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The State of Iowa vs Microsoft

Discussion in 'The Lounge - Off Topic' started by ffreeloader, Dec 7, 2006.

  1. ffreeloader

    ffreeloader Terabyte Poster

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    The State of Iowa has filed a class action, anti-competitive lawsuit against Microsoft. The opening comments were made on Friday, the 2nd of December. The following quote is from Groklaw, a site focused on legal issues in IT that was started due to the SCO suit against IBM claiming that IBM was guilty of violating SCO's patents. (That suit is now 3 years old and within the last couple of weeks the judge has basically thrown out almost all of SCO's claims due to lack of evidence that SCO claims they have, but which they have failed to produce in 3 years of litigation.)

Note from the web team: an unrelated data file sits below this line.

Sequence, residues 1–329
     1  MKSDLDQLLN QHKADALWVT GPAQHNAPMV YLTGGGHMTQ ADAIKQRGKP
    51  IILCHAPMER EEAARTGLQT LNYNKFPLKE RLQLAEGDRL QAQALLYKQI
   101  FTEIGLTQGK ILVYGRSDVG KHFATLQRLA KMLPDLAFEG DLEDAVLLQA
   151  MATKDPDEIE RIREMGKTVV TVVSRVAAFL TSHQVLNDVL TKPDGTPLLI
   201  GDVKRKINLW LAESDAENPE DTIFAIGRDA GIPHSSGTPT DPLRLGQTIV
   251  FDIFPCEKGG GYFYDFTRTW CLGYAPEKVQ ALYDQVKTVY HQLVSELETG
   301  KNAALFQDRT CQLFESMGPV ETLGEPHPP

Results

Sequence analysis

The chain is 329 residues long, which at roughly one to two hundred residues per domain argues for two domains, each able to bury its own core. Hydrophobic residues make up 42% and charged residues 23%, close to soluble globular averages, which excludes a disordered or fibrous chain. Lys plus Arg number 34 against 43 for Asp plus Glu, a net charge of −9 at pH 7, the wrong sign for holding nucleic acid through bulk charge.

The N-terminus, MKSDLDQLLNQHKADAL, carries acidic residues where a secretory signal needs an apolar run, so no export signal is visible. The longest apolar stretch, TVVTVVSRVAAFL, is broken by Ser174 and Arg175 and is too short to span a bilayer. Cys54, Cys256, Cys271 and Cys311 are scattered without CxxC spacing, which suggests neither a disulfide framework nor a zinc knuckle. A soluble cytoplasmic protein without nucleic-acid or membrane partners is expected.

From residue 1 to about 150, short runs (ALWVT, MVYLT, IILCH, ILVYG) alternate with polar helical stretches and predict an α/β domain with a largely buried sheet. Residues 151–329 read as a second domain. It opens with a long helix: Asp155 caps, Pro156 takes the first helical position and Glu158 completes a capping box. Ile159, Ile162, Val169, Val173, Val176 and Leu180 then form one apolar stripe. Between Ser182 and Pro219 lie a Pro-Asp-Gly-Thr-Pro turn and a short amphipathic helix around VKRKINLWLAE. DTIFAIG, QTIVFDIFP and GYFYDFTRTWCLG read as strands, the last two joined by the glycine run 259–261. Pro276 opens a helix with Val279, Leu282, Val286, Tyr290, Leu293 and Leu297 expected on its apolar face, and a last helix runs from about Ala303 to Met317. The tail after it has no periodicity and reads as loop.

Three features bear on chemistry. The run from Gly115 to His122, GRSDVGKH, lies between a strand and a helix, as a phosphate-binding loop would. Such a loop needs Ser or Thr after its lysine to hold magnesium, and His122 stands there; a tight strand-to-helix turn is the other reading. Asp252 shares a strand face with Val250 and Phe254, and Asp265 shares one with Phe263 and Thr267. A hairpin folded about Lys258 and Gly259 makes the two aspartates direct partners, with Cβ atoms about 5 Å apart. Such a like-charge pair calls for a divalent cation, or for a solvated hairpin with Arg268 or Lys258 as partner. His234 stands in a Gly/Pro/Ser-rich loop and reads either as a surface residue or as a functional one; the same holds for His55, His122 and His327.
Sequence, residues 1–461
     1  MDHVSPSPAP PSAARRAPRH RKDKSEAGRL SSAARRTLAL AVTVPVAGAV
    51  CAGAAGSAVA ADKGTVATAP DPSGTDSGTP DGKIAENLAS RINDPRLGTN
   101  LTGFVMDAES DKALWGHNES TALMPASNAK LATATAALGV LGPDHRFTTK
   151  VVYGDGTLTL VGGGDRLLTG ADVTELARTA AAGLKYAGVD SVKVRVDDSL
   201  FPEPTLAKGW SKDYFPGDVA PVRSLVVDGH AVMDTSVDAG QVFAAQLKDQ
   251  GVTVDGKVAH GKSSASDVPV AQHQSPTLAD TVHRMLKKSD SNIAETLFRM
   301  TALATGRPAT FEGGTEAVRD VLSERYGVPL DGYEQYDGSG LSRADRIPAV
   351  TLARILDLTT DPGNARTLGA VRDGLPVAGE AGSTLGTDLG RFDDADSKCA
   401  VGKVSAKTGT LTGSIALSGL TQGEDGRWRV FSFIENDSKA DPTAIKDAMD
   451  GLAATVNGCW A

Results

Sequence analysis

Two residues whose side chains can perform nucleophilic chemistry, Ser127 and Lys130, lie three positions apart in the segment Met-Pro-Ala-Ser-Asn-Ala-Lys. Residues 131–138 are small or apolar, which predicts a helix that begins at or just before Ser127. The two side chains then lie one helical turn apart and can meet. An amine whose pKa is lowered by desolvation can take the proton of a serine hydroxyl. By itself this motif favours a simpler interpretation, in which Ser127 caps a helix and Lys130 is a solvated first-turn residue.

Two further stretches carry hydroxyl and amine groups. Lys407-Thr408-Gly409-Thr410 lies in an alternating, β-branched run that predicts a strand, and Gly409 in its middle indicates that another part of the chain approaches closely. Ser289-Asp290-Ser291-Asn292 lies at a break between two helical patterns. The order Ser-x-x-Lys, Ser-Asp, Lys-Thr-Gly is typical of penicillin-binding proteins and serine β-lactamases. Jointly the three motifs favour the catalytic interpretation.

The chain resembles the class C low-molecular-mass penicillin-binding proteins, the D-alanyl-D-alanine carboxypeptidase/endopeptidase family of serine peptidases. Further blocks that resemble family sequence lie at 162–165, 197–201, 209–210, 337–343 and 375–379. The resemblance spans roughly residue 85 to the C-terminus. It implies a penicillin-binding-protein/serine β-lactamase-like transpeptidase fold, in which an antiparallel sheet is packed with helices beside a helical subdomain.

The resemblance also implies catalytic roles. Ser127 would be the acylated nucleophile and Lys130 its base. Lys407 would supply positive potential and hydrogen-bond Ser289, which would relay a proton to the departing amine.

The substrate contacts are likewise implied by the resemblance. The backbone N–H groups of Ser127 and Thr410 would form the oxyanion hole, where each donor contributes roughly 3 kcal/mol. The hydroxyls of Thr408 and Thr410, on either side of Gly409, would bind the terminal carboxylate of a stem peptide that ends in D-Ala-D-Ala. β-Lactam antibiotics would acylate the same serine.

Other very interesting quotes from the article include the following one that is a direct quote from an internal MS memo by Jim Allchin, co-president of Microsoft's Platforms & Services Division. It gives some very interesting insight into how MS routinely does business.

    The following quote from the article tells a little about case. It is followed by something that I, as a somewhat knowledgable computer user, find very hard to believe was accidental.

    This entire article can be found at the link to Groklaw found in the first paragraph of this post.
     
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  2. ffreeloader

    ffreeloader Terabyte Poster